Electronic Musician, January 2000

Electronic Musician - Editors Choice Edition

Category: Microphone (ribbon)

This is the first time we’ve included a category for ribbon mics, and for good reason: the Royer Labs R-121 is the first new ribbon mic to hit the market in a long while (excluding Audio Engineering Associates’ replicas of the vintage RCA 44B and 44BX). Of course, that alone isn’t sufficient cause for a new category, especially one in which there’s little or no competition. What matters is that the R-121 is one of the coolest, most useful new transducers released in 1999. That’s reason enough to single out this mic for an award.

The merits of ribbon mics – smooth, warm, realistic sound; rich midrange; outstanding transient response; and phase linearity – are well known. But so are the traditional drawbacks: low output, high self-noise, nominal high-frequency response, off-axis coloration, and inability to handle high sound-pressure levels. Impressively, Royer Labs has employed advancements in magnetics, materials, and mechanical construction to address several of these liabilities. The result is a ribbon mic with hotter output, lower self-noise, higher SPL handling, and improved high-end response that extends, according to our reviewer’s tests, all the way out to 18 kHz.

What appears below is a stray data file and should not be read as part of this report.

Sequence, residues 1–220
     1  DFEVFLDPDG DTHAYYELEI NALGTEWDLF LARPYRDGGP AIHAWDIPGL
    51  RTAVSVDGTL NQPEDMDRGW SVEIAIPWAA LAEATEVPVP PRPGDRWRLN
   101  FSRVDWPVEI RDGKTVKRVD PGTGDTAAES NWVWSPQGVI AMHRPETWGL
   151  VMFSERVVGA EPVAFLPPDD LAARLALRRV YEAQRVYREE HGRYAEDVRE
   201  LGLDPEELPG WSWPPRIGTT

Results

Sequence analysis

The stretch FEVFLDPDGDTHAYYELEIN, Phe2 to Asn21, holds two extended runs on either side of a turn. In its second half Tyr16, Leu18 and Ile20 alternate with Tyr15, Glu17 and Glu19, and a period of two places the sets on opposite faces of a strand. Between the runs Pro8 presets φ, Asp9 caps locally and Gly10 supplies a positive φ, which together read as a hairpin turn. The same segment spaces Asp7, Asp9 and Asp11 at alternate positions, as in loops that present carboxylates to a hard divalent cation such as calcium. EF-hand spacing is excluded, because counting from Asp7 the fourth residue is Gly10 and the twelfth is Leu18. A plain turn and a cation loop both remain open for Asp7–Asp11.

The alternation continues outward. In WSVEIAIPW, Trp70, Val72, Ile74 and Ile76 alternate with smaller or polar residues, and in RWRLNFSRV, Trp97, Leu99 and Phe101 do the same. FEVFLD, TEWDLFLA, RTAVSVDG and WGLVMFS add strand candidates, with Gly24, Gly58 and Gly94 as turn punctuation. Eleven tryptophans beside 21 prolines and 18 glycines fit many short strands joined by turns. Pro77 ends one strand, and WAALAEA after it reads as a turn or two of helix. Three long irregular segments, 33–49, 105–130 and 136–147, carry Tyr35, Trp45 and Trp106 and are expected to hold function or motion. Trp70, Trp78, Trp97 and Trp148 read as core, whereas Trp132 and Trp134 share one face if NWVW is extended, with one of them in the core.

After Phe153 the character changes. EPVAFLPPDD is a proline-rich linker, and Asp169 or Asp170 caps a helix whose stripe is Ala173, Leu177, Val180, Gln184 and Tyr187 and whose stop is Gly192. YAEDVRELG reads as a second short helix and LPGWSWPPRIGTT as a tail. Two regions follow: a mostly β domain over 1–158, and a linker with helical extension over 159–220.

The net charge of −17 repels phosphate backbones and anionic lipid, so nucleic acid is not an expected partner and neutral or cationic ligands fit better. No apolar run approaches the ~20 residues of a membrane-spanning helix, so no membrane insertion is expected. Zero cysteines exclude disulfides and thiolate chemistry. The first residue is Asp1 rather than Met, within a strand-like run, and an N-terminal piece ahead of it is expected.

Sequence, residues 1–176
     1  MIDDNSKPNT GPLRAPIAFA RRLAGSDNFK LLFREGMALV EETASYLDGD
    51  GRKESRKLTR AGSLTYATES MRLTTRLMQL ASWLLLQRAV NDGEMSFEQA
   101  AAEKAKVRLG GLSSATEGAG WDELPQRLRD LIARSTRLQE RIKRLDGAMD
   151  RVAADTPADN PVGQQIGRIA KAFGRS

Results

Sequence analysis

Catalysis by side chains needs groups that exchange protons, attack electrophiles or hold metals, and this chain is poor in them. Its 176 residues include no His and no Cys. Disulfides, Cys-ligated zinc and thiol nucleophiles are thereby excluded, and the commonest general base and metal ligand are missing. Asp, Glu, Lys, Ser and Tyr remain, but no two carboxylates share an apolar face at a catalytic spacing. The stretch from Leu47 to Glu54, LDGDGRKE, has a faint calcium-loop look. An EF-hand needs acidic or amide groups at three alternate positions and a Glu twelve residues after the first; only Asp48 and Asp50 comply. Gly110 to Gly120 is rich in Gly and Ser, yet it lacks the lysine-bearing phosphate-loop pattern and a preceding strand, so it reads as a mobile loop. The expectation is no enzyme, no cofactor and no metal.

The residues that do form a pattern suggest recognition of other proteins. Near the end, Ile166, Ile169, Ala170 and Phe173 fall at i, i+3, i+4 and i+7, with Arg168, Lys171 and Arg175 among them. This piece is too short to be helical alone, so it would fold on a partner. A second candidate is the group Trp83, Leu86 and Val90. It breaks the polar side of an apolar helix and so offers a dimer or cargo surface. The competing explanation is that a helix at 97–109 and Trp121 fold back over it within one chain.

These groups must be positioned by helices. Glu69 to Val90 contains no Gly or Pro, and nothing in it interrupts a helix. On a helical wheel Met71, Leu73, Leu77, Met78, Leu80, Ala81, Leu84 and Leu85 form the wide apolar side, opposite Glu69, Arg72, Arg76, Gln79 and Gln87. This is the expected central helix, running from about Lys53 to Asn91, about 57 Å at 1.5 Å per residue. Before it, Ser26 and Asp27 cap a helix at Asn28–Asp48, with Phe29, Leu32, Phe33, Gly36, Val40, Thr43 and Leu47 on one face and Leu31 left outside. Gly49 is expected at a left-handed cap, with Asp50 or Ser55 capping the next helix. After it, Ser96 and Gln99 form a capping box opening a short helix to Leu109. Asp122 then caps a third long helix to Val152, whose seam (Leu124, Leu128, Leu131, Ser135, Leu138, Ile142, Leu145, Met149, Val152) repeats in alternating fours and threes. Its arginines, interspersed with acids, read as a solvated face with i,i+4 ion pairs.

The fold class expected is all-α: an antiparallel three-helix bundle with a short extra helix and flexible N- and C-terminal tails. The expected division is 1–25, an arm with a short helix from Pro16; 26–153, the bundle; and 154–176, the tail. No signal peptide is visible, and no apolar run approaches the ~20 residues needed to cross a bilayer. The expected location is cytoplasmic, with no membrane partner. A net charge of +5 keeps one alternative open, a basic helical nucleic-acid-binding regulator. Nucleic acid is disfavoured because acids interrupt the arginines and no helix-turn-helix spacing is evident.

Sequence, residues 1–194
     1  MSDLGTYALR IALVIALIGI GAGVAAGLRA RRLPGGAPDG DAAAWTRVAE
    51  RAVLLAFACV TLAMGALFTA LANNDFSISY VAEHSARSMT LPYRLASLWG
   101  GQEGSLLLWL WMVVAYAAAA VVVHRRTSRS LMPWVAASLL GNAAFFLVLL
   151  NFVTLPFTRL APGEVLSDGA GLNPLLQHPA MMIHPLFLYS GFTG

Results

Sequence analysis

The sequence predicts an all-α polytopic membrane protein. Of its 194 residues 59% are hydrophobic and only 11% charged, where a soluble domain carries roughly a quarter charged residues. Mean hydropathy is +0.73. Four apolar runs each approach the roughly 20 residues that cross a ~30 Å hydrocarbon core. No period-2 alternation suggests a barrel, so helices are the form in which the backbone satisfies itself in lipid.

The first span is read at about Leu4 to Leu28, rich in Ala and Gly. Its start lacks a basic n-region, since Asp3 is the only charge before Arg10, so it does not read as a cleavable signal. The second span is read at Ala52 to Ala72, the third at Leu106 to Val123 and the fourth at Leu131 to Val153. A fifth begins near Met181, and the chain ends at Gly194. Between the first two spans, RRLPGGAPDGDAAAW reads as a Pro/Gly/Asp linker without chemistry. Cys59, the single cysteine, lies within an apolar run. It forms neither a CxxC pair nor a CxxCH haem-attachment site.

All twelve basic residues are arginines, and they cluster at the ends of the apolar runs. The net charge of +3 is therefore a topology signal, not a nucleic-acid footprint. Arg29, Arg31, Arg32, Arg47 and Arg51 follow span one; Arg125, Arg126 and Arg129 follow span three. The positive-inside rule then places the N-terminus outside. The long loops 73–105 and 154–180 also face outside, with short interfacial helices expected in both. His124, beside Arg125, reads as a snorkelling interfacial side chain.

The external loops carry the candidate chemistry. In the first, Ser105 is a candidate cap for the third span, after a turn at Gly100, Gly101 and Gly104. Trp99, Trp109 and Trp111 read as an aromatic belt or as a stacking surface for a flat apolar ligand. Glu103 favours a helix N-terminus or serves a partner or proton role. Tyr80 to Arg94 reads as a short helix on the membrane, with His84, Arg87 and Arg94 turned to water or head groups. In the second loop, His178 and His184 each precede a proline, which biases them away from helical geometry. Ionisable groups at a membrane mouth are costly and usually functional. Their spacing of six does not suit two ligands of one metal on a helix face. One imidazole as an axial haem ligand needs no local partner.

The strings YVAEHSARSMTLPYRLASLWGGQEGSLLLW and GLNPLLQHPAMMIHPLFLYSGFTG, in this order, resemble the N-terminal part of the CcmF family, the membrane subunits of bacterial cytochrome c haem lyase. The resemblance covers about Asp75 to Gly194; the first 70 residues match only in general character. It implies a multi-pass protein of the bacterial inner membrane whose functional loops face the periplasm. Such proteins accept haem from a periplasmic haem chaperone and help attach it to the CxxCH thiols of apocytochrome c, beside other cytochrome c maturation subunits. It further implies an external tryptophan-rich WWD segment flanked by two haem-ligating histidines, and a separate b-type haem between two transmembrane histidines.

We found the R-121 useful in a wide range of applications, but we absolutely loved it on electric guitar amps, violin, cello, upright bass, clarinet, trumpet, trombone, and various percussion sources. We were also impressed that it could safely handle the sound pressure from loud amps and even a kick drum. (In case it doesn’t, Royer Labs offers one free re-ribboning, as well as a lifetime warranty, to the original owner.) For the recordist who already has a good selection of dynamic and condenser microphones and is looking to extend the tonal palette, we highly recommend the R-121. It will prove a first-rate introduction to the sweet tones that only a ribbon mic can provide.

Copyright 2000 United Entertainment Media Publications